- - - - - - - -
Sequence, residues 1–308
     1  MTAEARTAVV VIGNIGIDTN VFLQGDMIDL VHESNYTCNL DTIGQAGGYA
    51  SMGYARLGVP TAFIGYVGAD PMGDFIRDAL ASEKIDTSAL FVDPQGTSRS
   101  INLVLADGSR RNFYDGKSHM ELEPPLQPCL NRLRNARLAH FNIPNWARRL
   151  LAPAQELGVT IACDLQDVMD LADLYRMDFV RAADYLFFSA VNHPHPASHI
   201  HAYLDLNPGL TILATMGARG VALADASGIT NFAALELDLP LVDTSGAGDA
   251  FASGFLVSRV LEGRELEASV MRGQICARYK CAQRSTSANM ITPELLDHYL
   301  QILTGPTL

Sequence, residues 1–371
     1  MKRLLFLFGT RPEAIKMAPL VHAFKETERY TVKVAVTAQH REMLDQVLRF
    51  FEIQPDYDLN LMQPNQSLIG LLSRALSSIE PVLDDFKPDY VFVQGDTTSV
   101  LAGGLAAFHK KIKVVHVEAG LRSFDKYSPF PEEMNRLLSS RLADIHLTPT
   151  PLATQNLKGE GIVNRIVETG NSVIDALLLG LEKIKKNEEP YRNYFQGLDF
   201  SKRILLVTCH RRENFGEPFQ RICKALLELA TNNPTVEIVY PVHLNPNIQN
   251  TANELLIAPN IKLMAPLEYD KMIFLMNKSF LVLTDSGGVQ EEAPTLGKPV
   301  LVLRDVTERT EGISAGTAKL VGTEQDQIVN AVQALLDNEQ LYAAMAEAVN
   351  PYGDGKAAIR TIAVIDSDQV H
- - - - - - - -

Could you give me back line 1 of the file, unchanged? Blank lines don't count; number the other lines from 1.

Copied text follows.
Sequence, residues 1–308